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Is the Senate working during Christmas holidays sacrilegious?

Senators Kyl and DeMint claimed working up to the Christmas holiday defiles Christianity's holy day. But Jesus made clear that 'helping your neighbor' trumps 'keeping the Sabbath day holy.' Not addressing legislation to promote peace and care for others would be the real sacrilege.

By Greg Garrett / December 20, 2010

Waco, Texas

When I was sixteen years old, I worked in a grocery store. My parents were divorced, money was tight, and I needed the job to pay for my car and insurance. So when my manager told me I was working on Christmas Eve, I couldn’t put up much fuss.

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“Son, I know full well it’s a holiday,” this good Oklahoma Southern Baptist told me when I asked about the schedule. “But people still got to eat.”

Last week, Senators John Kyl (R) of Arizona and Jim DeMint (R) of South Carolina expressed their indignation that the US Senate would be working during the days leading up to Christmas – what they consider to be part of the Christmas holidays.

Sen. Kyl argued that Senate Majority leader Harry Reid (D) of Nevada was offering disrespect to “one of the two holiest days for Christians,” and Sen. DeMint called it “sacrilegious” to vote on a spending bill and nuclear arms control treaty during Christmastime. Sen. Reid, for his part, argued that many of his constituents would be working during the holidays. Why shouldn’t the Senate finish its work?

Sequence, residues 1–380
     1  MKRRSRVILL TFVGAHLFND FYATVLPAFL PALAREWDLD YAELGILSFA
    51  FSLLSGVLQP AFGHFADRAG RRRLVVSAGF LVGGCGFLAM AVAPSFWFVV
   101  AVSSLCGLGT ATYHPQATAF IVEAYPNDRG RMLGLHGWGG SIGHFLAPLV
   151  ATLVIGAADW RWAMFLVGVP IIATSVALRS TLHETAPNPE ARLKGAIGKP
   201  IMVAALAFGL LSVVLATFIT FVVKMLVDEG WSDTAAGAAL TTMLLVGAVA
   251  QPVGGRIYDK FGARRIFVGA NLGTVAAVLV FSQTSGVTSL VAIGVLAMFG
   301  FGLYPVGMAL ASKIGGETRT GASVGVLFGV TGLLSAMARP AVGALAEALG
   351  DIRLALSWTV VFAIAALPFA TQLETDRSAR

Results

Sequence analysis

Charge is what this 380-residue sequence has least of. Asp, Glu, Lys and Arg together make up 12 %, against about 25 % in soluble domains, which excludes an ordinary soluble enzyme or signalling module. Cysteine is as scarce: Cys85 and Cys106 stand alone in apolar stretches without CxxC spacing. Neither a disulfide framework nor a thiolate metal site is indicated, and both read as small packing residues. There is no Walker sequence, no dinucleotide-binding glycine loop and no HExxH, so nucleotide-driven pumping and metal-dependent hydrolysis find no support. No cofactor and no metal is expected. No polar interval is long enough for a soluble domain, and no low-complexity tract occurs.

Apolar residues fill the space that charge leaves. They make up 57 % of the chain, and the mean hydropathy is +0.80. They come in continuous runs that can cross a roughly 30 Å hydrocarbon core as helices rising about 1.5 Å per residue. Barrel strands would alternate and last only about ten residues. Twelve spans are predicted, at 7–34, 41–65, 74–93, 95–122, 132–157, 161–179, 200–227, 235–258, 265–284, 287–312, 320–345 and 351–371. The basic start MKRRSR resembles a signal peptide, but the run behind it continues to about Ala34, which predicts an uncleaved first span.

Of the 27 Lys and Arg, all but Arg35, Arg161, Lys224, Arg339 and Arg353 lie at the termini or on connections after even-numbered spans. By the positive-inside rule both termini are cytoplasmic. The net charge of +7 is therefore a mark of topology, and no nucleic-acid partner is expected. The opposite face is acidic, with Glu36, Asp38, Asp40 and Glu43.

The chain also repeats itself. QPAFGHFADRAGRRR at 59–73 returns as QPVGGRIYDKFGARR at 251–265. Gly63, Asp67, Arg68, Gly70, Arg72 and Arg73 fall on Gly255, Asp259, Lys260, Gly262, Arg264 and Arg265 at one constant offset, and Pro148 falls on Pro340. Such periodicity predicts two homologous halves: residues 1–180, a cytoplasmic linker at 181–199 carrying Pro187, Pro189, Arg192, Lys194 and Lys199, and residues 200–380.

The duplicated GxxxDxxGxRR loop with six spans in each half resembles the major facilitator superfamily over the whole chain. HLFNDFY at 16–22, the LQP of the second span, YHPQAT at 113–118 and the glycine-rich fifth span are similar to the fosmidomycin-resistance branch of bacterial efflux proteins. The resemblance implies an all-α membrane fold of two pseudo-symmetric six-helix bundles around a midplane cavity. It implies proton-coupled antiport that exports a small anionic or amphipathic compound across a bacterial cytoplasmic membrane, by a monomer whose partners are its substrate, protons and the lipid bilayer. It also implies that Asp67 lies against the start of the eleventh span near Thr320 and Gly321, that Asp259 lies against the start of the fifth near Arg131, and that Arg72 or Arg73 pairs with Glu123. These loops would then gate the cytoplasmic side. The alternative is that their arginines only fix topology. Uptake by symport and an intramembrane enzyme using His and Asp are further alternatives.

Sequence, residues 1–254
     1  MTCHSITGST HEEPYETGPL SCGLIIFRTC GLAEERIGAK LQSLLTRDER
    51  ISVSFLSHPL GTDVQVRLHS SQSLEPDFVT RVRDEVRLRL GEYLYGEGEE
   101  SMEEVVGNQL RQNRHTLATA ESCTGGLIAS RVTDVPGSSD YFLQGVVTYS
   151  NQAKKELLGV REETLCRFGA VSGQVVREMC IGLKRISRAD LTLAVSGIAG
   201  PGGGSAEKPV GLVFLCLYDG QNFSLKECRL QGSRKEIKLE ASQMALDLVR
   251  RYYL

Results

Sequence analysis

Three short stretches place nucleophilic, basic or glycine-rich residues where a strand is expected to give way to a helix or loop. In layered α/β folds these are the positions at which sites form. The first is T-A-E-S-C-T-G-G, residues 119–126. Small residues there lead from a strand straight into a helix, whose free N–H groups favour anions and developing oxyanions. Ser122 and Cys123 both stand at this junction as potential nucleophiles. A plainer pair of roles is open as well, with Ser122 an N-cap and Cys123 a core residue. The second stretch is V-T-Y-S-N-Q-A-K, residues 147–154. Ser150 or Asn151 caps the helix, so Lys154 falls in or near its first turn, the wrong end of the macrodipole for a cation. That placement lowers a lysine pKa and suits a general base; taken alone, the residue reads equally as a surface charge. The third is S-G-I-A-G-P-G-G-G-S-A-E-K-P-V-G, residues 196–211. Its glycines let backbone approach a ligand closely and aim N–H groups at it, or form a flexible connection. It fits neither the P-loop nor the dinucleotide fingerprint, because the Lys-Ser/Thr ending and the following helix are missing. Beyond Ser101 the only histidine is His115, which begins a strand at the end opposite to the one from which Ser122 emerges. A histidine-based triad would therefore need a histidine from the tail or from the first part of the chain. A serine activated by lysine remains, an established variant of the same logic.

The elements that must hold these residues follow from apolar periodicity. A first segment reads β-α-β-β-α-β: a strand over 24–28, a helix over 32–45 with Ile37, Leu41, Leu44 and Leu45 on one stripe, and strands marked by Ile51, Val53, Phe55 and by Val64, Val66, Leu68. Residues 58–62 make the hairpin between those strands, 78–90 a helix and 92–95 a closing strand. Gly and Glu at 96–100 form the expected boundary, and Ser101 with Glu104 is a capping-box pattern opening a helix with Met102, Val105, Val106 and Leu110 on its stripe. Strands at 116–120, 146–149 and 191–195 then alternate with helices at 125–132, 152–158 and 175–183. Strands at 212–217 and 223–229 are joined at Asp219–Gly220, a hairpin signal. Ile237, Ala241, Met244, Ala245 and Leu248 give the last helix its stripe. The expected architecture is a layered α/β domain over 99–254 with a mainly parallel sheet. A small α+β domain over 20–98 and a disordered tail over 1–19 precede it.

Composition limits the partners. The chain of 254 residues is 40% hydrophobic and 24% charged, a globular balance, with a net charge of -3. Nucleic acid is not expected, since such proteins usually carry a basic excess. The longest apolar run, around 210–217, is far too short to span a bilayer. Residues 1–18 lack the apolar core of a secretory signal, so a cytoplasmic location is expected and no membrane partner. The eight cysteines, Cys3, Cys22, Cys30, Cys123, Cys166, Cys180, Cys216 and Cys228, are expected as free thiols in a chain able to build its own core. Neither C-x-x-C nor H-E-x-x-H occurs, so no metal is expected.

Although America is not a theocracy, Christianity is still culturally dominant, and, this time of year, especially, culturally prominent, so the question is worth exploring: Is it sacrilegious for the United States Senate to work during the Christmas holidays?

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What does the good book say?

Theologians seek to understand ethical and religious questions by looking first at holy scriptures, then at the Christian tradition and shared experience. In many cases this time of year (as with whether or not public Christmas displays should be allowed, or whether saying “Merry Christmas” is a holier alternative that “Happy Holidays”) the scriptural record has little to say about knotty cultural problems. In the case of holy days, however, the Bible actually speaks up, although what it says requires interpretation.

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If Senators DeMint and Kyl are sincere in their concern, they seem to be referring to a tradition originating in the Hebrew Bible (called by many Christians the Old Testament), wherein the Sabbath was set aside as a day holy to God and on which no work should be done. For Jews and Christians alike the Hebrew Bible has authority, but for Christians, a more authoritative question has to be, What did Jesus have to say about this question?

In the Christian Testament (called by many Christians the New Testament), Jesus is represented as constantly at odds with religious leaders who argued for the absolute sanctity of God’s holy day.

Holiness mattered to Jesus – but human life and dignity mattered more.

True Christian values

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